Heirlooms With Taste
My article on heirloom tomato snobbery created quite a stir. My electronic in-box was flooded by heirlooms' angry defenders. And by snail mail, I received letters with photos of their successful backyard beauties. It was even worse on Facebook, where one farm-to-school advocate commented that I'd entirely missed the point: They are "grown for flavor, not shelf-life," she said. Writing them off is "like giving up on marriage because you had one bad date."
Along with the critics, though, were many kind supporters. One e-mail, from Keith Mueller, particularly caught my attention. A plant breeder in Kansas City, Mueller has developed several heirloom crosses, including the Dora, pictured above, and one named for his grandmothers, the Gary'o Sena. His lines, I should note, allow seeds to be saved. You do not have to purchase new seeds each year.
Mueller thought his tomatoes tasted pretty good. But he wanted to get consumer feedback. In 2005, he set up shop at the Brookside Farmers Market near his home. He cut up his heirloom varietals as well as a few "turkeys," hard, half-ripe tomatoes from the local supermarket, and asked customers which they liked best. It turns out that the sign, not the flavor, made up most people's minds.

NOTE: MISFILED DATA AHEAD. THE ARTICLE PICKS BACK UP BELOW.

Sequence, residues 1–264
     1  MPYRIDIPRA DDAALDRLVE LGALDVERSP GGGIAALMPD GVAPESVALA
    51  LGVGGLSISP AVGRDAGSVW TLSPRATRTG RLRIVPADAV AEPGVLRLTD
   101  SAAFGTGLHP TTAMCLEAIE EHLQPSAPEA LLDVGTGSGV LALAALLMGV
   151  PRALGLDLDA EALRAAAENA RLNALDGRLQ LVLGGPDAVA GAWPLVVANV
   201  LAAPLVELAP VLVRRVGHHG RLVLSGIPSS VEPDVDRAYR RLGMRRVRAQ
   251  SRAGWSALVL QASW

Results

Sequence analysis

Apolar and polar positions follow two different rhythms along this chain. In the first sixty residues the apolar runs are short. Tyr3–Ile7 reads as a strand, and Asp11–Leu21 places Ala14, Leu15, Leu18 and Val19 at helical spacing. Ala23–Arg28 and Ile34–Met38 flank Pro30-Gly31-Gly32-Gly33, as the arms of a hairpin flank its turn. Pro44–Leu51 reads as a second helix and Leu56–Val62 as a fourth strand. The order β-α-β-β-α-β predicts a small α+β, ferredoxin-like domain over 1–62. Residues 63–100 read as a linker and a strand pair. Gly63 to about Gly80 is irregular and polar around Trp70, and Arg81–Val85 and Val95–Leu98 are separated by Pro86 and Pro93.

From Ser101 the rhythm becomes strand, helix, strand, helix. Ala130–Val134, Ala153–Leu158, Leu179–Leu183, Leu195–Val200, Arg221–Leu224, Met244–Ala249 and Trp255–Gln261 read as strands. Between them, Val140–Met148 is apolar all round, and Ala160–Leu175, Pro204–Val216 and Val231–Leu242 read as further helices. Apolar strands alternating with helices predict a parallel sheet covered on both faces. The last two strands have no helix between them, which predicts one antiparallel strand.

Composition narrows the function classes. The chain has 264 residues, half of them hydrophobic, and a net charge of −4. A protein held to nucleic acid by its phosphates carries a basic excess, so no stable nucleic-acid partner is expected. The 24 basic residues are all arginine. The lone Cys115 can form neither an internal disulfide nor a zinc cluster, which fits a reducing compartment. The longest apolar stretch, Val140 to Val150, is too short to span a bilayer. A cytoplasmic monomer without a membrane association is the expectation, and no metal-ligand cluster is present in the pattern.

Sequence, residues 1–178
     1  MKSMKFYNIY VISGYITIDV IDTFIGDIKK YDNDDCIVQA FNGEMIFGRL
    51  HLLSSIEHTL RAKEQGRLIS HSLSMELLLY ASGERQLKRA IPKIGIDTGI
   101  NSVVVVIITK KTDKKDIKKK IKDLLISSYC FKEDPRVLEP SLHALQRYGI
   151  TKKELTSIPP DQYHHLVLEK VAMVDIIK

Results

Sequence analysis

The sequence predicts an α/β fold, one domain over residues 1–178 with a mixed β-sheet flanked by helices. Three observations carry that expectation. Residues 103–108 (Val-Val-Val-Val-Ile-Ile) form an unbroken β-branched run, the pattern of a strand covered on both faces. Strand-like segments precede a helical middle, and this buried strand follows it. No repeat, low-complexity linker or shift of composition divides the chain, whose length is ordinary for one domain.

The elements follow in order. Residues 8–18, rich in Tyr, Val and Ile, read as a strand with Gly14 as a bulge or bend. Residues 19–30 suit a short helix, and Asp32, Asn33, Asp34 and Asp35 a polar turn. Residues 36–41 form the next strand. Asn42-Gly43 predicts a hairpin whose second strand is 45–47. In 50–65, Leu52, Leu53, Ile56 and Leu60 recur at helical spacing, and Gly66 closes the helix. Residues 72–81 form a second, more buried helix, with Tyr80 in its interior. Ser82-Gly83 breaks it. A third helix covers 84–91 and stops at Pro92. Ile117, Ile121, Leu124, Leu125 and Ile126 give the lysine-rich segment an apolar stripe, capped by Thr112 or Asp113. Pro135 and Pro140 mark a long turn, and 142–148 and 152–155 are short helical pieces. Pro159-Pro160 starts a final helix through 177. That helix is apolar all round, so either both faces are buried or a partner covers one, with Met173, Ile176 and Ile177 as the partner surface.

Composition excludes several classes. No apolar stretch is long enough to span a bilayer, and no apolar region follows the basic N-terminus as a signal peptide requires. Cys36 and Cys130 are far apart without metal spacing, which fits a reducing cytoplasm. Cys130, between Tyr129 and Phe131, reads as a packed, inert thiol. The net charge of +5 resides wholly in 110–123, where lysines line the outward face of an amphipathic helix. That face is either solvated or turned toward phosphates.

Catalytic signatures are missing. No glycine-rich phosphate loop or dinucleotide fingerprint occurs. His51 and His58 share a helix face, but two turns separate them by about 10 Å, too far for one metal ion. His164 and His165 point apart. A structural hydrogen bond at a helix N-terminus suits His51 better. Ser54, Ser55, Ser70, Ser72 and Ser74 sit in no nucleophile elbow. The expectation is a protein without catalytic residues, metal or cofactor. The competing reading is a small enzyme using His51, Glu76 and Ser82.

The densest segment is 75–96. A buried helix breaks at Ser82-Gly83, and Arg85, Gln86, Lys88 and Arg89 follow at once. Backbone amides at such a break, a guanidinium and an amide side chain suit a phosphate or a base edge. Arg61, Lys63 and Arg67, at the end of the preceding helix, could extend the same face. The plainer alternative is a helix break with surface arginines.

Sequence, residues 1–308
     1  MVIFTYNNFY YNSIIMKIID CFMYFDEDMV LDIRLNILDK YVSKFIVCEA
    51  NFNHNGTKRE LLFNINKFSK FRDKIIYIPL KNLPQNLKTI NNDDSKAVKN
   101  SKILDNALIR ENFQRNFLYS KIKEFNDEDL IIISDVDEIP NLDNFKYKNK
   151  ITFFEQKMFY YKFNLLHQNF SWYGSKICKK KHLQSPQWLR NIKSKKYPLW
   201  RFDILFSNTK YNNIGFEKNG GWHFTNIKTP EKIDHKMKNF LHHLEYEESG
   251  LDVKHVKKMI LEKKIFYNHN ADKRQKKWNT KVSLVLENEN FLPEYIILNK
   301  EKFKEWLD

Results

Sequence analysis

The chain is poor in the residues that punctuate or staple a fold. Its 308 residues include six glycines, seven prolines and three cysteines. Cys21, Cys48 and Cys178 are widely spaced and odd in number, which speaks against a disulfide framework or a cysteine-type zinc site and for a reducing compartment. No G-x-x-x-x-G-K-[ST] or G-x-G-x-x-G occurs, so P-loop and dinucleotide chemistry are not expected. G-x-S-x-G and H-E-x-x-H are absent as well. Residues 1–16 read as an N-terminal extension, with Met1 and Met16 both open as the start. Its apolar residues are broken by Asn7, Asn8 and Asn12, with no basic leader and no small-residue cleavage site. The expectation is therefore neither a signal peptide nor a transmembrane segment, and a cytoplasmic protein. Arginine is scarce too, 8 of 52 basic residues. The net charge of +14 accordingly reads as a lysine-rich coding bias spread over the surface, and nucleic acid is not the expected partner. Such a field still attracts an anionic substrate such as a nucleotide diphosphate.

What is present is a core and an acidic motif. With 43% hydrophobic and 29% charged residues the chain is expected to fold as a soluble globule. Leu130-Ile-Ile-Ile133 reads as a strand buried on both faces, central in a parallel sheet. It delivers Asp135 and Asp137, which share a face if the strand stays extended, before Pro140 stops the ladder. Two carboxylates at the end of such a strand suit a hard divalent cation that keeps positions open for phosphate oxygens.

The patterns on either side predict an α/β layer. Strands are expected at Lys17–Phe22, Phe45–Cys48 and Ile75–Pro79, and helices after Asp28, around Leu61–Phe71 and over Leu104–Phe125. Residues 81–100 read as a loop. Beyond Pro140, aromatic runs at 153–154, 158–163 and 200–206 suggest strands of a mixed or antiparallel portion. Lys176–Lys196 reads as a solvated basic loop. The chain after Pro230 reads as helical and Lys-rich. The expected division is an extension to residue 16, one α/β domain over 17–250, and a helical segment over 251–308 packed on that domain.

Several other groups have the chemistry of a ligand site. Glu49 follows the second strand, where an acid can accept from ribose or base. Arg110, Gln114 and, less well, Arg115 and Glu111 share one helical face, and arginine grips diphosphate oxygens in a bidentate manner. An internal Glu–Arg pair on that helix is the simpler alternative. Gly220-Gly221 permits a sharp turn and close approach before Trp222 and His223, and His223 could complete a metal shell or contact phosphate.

"I lied and told samplers that the bad [one] was an heirloom and the good one was store-bought. Guess which one they told me was better?" Mueller said. When "I switched again people thought the [real] heirlooms were better. People hear 'heirloom' and think it must taste better. I call it the lemming effect."
Okay, it was not a controlled psychological study. But it makes a good point: Some heirloom tomato lovers love heirlooms unconditionally. (For further proof, check out the rabid comments on this Scientific American article that dared to challenge heirlooms' superiority.)
For the record, I never suggested writing off heirlooms. I like them -- when they're good. And that's the point. Just because it's an heirloom tomato doesn't mean it will taste good. A good heirloom can be ethereal. But so can a really good hybrid. And a really good hybrid is better than a mediocre heirloom.
Is that really so controversial?
-- Jane Black
August 19, 2009; 3:30 PM ET
Categories: To Market, To Market | Tags: Jane Black, tomatoes
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